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Some Quantized Flux History

In  1961, William Fairbank and Bascomb Deaver experimentally verified that magnetic flux can be quantized.  This week I read an excellent paper on the history of the experiment[1].  For those who aren't close to a library with access to the journal, (and for my own notes), here are a few of the highlights.  For more info on the Fairbank/Deaver experiment see[4] .

The Other Experiment
The first interesting thing you should know is that there was a similar experiment  performed in Southern Germany by Robert Doll and Martin Näbauer in the same year, (1961)[2].  Their apparatus was different,  instead of  vibrating a superconducting cylinder to determine the value of the magnetic field at had trapped as Deaver and Fairbank did, they used a superconducting cylinder attached to a torsion pendulum (picture 1).  By measuring the amount of time it took the oscillations of the pendulum to die off they were able to determine the strength of the trapped magnetic field.  Their results showed the same stepping of trapped flux that the Deaver/Fairbank experiment did.


The two experimental groups knew nothing about each others efforts until the representatives of each experiment met at the IBM meeting on superconductivity in  Yorktown Heights, NY.

The Theory Connection
Nina Byers and Chen Yang, (of Yang-Mills fame), were working down the hall from Deaver and Fairbank while they were working on their experiment.  The two theorists studied the results of the experiment and wrote up the theoretical explanation in an article that immediately followed Deaver and Fairbank article in PRL[3].  When Fairbank showed preliminary data of the quantized flux plateaus to Chen he thought the data set was jut linear in the manner that might be expected if flux wasn't quantized.  Fairbank explained to him that having taken the data he felt the experimenter could attach a sort of personality to each data point and almost subconsciously analyze the validity of each point.  The completed data set at the end of the experiment bore out Fairbank's initial impressions.  Byers and Yang are pictured below (picture 2).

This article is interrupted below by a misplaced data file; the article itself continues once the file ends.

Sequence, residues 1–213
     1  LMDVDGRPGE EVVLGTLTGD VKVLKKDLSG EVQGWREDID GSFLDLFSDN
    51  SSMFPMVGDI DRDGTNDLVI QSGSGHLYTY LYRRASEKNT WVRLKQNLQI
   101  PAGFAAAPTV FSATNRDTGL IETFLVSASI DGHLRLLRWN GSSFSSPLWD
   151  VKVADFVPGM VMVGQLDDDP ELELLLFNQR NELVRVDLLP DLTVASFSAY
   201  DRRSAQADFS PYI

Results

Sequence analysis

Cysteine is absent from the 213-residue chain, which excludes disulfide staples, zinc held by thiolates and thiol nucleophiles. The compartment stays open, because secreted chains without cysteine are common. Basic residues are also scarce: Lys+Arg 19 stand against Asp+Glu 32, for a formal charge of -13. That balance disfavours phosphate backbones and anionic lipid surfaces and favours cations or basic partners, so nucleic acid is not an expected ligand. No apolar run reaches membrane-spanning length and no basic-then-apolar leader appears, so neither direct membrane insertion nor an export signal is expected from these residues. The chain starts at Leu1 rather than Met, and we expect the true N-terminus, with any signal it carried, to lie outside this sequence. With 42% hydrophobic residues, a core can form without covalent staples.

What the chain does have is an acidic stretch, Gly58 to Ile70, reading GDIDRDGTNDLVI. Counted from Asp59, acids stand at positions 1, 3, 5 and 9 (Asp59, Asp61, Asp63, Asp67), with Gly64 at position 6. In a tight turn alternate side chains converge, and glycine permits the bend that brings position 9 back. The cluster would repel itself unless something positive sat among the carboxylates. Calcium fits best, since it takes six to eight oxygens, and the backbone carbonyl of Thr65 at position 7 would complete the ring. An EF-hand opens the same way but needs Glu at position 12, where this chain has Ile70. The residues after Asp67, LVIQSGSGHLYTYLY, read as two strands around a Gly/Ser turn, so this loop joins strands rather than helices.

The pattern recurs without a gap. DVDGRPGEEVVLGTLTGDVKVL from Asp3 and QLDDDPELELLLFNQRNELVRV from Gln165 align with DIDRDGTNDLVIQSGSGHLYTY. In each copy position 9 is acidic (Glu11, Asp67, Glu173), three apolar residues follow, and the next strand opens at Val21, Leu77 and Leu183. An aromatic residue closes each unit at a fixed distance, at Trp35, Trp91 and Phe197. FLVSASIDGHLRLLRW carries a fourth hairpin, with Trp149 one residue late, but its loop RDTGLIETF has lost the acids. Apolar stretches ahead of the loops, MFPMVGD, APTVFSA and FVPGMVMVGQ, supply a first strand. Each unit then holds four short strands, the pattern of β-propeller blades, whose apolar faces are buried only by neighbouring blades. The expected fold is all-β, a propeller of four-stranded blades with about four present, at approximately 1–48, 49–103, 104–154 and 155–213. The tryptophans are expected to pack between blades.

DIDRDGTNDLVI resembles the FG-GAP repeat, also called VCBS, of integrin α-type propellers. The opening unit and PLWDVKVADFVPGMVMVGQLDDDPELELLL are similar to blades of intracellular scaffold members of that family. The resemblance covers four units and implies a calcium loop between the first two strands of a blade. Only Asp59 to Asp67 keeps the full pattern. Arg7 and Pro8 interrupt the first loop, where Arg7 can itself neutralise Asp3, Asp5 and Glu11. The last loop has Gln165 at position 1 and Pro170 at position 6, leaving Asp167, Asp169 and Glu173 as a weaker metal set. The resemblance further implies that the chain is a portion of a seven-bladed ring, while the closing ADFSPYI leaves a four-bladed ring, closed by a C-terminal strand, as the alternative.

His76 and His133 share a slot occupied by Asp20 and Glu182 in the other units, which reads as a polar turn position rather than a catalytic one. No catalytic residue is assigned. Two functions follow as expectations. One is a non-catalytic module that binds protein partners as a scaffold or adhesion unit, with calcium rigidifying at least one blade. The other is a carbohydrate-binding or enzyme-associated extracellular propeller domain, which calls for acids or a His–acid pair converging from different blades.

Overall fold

The Cooper Pairs
Kind of surprisingly, from a modern perspective where Cooper pairs are a given, there was a contingent of physicists that felt the results didn't show quantized flux because the flux steps were twice as big as predicted by London.  What Byers and Yang had already pointed out and others were quick to reinforce was that the result made perfect sence because the charge carriers in the superconductors were Cooper pairs.  The BCS theory of superconductivity, (C stands for Cooper), published in 1957 had predicted that the charge carriers in superconductors were actually pairs of electrons, (Cooper pairs). In addition to verifying that magnetic flux could be quantized, the two experiments had also provided evidence of the hypothetical Cooper pairs.


References:
1.
http://dx.doi.org/10.1007%2Fs10909-011-0349-x
Einzel D. (2011). 50 Years of Fluxoid Quantization: 2e or Not 2e, Journal of Low Temperature Physics, 163 (5-6) 215-237. DOI:

2.  Doll and Näbauer experiment
http://dx.doi.org/10.1103%2FPhysRevLett.7.51
Doll R. & Näbauer M. (1961). Experimental Proof of Magnetic Flux Quantization in a Superconducting Ring, Physical Review Letters, 7 (2) 51-52. DOI:

3.  Bauer and Yang
http://dx.doi.org/10.1103%2FPhysRevLett.7.46
Byers N. & Yang C. (1961). Theoretical Considerations Concerning Quantized Magnetic Flux in Superconducting Cylinders, Physical Review Letters, 7 (2) 46-49. DOI:

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